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     latukpen lavannon
    ‘bring water from the well’
The nouns denoting purpose also precede the direct object.
     ne nepicho aphan lek kimi namlo
     ‘I bought new ornaments for my life’
The instrumental noun precedes or follows the direct object.
     phunu taripen roton
     taripen phinu rotnon
    ‘cut the banana with a knife’
The free adverbs and postpositions precede or follow the subject.
    la kayta vo pithi
    ‘he always kills birds’
     la atumi valo
     ‘he came yesterday’
     ne hadak damlo
     ‘I went there’
      dakchi ne do
     ‘I am here’
     methan dakchi do
     ‘the dog is here’
      baji kethomchi neli hem damji
     ‘at 3 O’clock, I shall go home’
When they follow the subject, they precede the object. The free postpositions follow the subject.
la rum binon ‘keep it down’

The interrogative pronouns precede or follow the subject.
la kopi ]  
kopi la ]
‘what is this?’
na ro kolo ]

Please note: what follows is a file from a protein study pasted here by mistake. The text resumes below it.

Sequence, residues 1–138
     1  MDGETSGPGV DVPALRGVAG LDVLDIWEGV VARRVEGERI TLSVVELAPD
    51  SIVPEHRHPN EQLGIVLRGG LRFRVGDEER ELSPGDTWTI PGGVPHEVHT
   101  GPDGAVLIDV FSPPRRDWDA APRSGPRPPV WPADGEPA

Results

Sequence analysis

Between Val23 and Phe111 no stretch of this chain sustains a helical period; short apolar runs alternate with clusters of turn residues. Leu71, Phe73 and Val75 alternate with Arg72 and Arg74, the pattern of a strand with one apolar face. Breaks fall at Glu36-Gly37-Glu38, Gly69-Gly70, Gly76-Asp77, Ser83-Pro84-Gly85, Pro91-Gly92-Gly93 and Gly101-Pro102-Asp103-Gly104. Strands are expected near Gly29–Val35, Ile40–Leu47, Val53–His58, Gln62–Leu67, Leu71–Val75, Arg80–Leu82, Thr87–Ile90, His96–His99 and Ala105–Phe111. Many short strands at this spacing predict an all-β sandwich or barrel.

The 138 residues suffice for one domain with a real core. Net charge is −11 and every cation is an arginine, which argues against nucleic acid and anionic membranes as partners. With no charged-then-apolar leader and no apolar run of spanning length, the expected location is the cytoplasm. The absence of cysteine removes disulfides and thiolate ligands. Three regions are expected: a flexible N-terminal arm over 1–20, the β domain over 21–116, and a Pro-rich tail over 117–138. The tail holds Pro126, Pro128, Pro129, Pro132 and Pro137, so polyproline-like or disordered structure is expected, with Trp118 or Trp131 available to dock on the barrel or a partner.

Kolo na ro ]
‘which is your village?’

The interrogative adverbs precede or follow the subject.
na mantu dampo ]  
mantu na dampo ] ‘when will you go’
mantu dampo na ]  

The interrogative adjectives always precede the noun.
                                   (ko)mat akitap la ]
la (ko)mat akitap ]
‘whose book is this?’
pi akitap la ]  
la pi akitap ]
 ‘what book is this?’


The sentences are broadly classified into three types, viz., simple, compound and complex. Any sentence has a main clause and optionally one main or subordinate clause. A clause is that construction which has an obligatory verb. A main clause has a finite verb and in addition, may have one or more noun phrases. A subordinate clause has a non-finite verb (verb preceded or followed by a subordinator) and it forms part of a sentence.
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